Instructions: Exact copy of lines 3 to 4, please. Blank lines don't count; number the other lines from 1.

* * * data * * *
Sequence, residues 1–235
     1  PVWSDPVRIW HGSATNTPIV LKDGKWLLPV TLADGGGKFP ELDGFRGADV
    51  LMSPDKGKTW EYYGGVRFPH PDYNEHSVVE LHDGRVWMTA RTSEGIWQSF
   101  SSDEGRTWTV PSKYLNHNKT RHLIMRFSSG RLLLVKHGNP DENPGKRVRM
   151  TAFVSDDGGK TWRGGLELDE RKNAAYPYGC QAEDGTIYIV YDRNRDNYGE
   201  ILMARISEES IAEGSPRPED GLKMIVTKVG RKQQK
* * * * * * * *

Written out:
    51  LMSPDKGKTW EYYGGVRFPH PDYNEHSVVE LHDGRVWMTA RTSEGIWQSF
   101  SSDEGRTWTV PSKYLNHNKT RHLIMRFSSG RLLLVKHGNP DENPGKRVRM